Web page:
The space rock will reach within 11,000 miles of the surface and give off a light bright enough to be seen through a small telescope, experts said today.
It was only spotted on Wednesday by a robotic telescope in New Mexico that scans the skies for such hazards. An alert was then put out yesterday by the International Astronomical Union's Minor Planet Center in Massachusetts.
The find was confirmed by Peter Birtwhistle, who has discovered dozens of asteroids from his own UK observatory, with a photo taken from Great Shefford in Berkshire.
It will be daylight in the UK when the asteroid, which has been named 2011 MD, makes its close encounter over the southern hemisphere.
But astronomers in other parts of the world, such as South America, will be able to watch it brighten and fade rapidly as it speeds through the starry background.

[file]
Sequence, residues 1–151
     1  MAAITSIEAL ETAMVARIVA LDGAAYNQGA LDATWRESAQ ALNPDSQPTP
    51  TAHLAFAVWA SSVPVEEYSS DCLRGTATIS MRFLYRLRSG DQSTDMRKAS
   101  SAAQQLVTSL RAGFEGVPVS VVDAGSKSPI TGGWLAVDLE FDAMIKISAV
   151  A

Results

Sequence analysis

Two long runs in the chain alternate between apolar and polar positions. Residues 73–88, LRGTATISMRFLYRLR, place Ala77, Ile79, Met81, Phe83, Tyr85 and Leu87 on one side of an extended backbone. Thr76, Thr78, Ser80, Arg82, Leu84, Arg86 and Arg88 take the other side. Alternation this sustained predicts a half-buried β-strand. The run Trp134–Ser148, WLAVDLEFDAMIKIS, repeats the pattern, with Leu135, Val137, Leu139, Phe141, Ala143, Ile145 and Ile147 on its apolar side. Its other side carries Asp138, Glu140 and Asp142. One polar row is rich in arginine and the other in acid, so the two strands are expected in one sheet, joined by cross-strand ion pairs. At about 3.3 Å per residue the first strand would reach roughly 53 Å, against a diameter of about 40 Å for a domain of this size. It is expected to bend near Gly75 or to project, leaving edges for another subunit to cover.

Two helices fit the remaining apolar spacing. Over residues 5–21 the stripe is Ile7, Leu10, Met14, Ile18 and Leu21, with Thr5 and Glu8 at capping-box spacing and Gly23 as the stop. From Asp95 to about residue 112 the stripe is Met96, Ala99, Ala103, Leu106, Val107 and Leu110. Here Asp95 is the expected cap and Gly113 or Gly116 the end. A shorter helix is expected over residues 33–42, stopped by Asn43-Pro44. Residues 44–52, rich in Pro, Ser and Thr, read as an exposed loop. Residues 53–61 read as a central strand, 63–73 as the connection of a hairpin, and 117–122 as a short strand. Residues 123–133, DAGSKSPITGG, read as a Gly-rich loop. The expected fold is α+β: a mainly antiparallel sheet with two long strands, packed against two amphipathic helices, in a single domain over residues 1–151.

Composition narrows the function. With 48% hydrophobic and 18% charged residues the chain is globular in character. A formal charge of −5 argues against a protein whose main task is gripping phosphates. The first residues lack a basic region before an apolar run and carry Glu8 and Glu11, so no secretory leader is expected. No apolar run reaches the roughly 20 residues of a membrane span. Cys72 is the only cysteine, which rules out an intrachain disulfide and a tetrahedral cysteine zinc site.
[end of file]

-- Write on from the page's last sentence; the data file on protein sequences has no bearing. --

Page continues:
Asteroid 2011 MD is estimated to be between 10 and 50 yards wide.
UK asteroid expert, Dr Emily Baldwin, said: "We are certain that it will miss us, but if it did enter the atmosphere, an asteroid this size would mostly burn up in a brilliant fireball, possibly scattering a few meteorites."
On November 8, a 400-metre wide asteroid weighing 50 million tons, called 2005 YU55, is expected to fly inside the orbit of the moon.